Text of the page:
By Lois Harris
More than half of the secret to recovering from a pathogen-related product recall lies in being prepared before it even happens, according to Keith Warriner, a professor of food science at Canada’s University of Guelph.
“Have a recall team that includes someone with decision-making authority,” he says, noting that, depending on the company, the team should also have staff from quality assurance, production, marketing and distribution. Warriner recommends they work together to create different “practice scenarios” –finding listeria in a slicing machine, for example – and then examine them and resolve potential glitches before the need even arises.
When a recall is triggered by the discovery of a pathogen like salmonella or listeria, the first thing to get right is a diagnosis of the problem.
The first thing to get right is a diagnosis of the problem
“You have to really assess the scope of the issue,” said Martin Wiedmann, a food science professor at Cornell University.
He notes that a single recall will often turn into two or three because not enough care was taken initially in determining the exact location of the problem and how long it had existed. This prolongs recall and recovery time, puts more people in danger of getting sick or dying, and increases financial and reputational costs to the company.
Wiedmann said a “true” root cause analysis should then be conducted.
In this process, team members delve deeply into the problem using techniques like the “Five Whys,” in which one question leads to a second and a third, and so on, until the fundamental cause is identified. There may be more or less than Five Whys, and the analysis can be done multiple times, depending on the scope of the recall.
There are plenty of online resources to help companies work through the analysis, and an outside consultant is often valuable in guiding the process and ensuring objectivity and thoroughness.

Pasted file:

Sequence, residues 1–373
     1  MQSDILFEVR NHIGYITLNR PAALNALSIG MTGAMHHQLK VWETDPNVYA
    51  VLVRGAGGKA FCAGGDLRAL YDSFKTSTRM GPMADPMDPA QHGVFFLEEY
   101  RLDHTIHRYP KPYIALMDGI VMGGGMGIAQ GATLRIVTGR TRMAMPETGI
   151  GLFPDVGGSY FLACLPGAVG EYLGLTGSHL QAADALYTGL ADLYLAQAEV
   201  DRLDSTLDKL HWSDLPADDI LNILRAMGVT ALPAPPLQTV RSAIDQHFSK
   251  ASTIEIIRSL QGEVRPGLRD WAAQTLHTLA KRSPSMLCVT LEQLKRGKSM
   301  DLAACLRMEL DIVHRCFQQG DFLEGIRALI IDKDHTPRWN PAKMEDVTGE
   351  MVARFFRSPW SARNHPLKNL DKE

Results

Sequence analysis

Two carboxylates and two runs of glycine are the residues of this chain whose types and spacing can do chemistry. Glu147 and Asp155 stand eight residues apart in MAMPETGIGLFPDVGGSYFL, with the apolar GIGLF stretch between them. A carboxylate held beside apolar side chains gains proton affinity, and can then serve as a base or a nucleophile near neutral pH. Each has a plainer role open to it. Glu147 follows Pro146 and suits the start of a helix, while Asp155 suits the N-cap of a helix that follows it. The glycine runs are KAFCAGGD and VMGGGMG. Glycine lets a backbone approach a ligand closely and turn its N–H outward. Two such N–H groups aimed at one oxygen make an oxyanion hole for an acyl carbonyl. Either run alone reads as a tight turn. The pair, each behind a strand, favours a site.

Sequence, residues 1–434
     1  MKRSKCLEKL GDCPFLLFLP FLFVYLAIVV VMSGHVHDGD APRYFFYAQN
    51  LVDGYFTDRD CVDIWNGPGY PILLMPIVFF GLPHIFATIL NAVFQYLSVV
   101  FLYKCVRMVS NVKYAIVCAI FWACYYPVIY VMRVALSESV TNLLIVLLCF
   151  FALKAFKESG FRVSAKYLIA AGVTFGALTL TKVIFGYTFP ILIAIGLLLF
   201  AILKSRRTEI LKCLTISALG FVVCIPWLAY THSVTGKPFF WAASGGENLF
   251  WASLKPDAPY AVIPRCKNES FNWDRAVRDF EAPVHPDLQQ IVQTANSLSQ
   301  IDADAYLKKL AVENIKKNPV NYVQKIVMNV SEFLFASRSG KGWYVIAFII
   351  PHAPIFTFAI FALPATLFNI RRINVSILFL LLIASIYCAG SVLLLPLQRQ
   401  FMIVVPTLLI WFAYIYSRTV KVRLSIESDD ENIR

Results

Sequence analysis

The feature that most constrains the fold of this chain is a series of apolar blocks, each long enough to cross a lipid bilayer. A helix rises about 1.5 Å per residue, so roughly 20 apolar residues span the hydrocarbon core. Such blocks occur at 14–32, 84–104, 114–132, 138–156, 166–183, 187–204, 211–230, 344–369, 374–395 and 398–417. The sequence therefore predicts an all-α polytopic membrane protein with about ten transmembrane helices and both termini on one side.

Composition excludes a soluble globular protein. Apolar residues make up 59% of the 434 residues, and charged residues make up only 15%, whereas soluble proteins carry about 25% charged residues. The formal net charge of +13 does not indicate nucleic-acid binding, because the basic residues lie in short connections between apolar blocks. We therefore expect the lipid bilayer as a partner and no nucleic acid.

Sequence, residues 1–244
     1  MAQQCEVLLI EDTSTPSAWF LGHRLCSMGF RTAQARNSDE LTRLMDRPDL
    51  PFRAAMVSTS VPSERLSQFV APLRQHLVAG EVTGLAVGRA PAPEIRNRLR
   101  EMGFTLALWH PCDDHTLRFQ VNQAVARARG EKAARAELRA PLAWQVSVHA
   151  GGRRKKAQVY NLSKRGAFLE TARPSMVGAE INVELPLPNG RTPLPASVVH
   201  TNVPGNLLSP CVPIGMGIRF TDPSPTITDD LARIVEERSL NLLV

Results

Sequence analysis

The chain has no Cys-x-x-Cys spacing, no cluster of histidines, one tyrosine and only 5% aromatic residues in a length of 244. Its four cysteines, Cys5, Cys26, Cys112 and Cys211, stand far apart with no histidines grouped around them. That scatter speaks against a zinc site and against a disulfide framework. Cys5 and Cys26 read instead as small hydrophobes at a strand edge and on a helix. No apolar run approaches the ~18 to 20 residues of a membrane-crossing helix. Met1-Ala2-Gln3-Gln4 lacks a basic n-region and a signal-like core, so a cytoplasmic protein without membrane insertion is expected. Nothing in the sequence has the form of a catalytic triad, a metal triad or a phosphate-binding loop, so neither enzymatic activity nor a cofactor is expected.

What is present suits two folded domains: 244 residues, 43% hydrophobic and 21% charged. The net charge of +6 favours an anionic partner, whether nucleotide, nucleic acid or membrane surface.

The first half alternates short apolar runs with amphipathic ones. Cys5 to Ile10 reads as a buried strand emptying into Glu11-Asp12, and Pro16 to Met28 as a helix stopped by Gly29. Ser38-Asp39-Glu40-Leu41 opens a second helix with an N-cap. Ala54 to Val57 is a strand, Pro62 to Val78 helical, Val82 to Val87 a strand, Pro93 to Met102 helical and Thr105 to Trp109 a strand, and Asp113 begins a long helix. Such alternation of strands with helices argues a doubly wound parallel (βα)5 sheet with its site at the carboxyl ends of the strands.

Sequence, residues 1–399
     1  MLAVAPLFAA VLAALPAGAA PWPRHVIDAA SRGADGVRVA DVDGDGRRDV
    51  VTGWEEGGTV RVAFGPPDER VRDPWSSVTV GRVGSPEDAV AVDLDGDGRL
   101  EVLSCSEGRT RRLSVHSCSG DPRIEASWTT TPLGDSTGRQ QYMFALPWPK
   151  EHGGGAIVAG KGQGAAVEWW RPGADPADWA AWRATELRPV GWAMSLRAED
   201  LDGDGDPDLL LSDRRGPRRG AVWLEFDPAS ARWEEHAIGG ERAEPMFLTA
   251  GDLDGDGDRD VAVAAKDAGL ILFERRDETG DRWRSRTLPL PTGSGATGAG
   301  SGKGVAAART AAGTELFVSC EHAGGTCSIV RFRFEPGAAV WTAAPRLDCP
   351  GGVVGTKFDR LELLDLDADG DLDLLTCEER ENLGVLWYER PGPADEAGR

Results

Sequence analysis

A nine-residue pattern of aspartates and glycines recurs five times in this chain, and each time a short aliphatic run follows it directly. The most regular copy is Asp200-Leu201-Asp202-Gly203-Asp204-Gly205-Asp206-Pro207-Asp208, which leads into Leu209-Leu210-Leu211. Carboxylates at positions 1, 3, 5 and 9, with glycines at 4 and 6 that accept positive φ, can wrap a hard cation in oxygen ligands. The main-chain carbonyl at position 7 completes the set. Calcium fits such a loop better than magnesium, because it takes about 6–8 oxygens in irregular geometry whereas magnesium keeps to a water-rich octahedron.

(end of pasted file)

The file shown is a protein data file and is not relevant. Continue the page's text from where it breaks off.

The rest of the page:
Once the root cause analysis is completed, the recall team has to determine how to remedy the issues that surfaced, like faulty sanitation processes or inadequate food safety training for staff.
Then they can make sure that all of the problems that caused the recall are remedied to prevent future issues.
“You don’t just hire a senior vice-president of food safety and say it’s fixed,” said Wiedmann.
He adds that most decisions around preventing pathogen-related issues currently rely on intuition, what has always been done, or what an expert has told the CEO. To help companies make better decisions, Wiedmann and his colleagues have developed a computer program that uses data and modelling to discover where listeria might be found in food production facilities.
After inputting information on everything from the materials and equipment used to the staff involved, the cleaning schedule, the people coming into the facility from outside, and more, Wiedmann’s Environmental Monitoring With an Agent-Based Model of Listeria (EnABLe) program connects all the data and generates a report that shows where the pathogen would most likely be located.
Wiedmann adds that the technology is a decision-making tool – ultimately, it’s up to people to make the changes.
Warriner, meanwhile, notes that besides learning from and taking action on issues to prevent food recalls, new technologies can emerge in the aftermath.
He cites an example involving caramel apples contaminated with listeria that were recalled in California in 2015. The outbreak infected 35 people from 12 states and seven people died.
An apple grower in the Niagara area of Canada, who wasn’t directly involved but experienced collateral damage to his markets, developed a new forced air ozone treatment as a result. The system decontaminates the apples and differentiates this grower’s business from competitors.
Equipped with knowledge, good judgement, strong data and a solid plan, companies can survive and even thrive after a pathogen-related recall. Far better is to ensure you don’t need to go through it in the first place!
About the Author
Lois Harris is the principal freelance writer and editor at Wordswork Communications, where she’s dedicated to helping food and agricultural industries get their stories told. She works with food manufacturers, non-profit organizations, governments and universities to develop targeted materials that inform, convince and sell.